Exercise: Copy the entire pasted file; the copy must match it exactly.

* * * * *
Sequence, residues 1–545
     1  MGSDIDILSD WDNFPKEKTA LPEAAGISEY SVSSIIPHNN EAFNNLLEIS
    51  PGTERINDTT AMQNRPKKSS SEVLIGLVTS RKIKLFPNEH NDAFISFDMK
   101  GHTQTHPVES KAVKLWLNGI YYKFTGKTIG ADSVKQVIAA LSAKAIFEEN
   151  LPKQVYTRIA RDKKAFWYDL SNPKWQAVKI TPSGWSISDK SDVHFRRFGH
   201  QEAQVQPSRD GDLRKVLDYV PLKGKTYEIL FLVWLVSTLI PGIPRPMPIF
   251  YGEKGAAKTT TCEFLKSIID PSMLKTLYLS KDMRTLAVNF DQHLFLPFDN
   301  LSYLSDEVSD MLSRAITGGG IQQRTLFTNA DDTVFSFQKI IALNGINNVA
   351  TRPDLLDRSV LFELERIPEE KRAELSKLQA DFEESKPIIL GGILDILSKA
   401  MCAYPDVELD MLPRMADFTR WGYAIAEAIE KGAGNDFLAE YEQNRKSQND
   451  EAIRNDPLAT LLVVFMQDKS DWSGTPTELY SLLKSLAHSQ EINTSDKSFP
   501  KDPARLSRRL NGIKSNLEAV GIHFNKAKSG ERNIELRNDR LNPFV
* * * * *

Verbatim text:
Sequence, residues 1–545
     1  MGSDIDILSD WDNFPKEKTA LPEAAGISEY SVSSIIPHNN EAFNNLLEIS
    51  PGTERINDTT AMQNRPKKSS SEVLIGLVTS RKIKLFPNEH NDAFISFDMK
   101  GHTQTHPVES KAVKLWLNGI YYKFTGKTIG ADSVKQVIAA LSAKAIFEEN
   151  LPKQVYTRIA RDKKAFWYDL SNPKWQAVKI TPSGWSISDK SDVHFRRFGH
   201  QEAQVQPSRD GDLRKVLDYV PLKGKTYEIL FLVWLVSTLI PGIPRPMPIF
   251  YGEKGAAKTT TCEFLKSIID PSMLKTLYLS KDMRTLAVNF DQHLFLPFDN
   301  LSYLSDEVSD MLSRAITGGG IQQRTLFTNA DDTVFSFQKI IALNGINNVA
   351  TRPDLLDRSV LFELERIPEE KRAELSKLQA DFEESKPIIL GGILDILSKA
   401  MCAYPDVELD MLPRMADFTR WGYAIAEAIE KGAGNDFLAE YEQNRKSQND
   451  EAIRNDPLAT LLVVFMQDKS DWSGTPTELY SLLKSLAHSQ EINTSDKSFP
   501  KDPARLSRRL NGIKSNLEAV GIHFNKAKSG ERNIELRNDR LNPFV